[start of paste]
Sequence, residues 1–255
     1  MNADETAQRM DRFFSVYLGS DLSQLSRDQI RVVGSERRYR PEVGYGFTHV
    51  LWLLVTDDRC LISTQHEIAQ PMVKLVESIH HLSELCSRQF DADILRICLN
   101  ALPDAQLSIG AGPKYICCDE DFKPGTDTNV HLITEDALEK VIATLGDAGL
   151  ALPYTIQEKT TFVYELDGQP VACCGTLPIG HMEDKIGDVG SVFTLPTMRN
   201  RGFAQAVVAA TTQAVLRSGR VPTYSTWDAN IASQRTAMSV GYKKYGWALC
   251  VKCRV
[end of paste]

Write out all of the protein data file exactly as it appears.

Sequence, residues 1–255
     1  MNADETAQRM DRFFSVYLGS DLSQLSRDQI RVVGSERRYR PEVGYGFTHV
    51  LWLLVTDDRC LISTQHEIAQ PMVKLVESIH HLSELCSRQF DADILRICLN
   101  ALPDAQLSIG AGPKYICCDE DFKPGTDTNV HLITEDALEK VIATLGDAGL
   151  ALPYTIQEKT TFVYELDGQP VACCGTLPIG HMEDKIGDVG SVFTLPTMRN
   201  RGFAQAVVAA TTQAVLRSGR VPTYSTWDAN IASQRTAMSV GYKKYGWALC
   251  VKCRV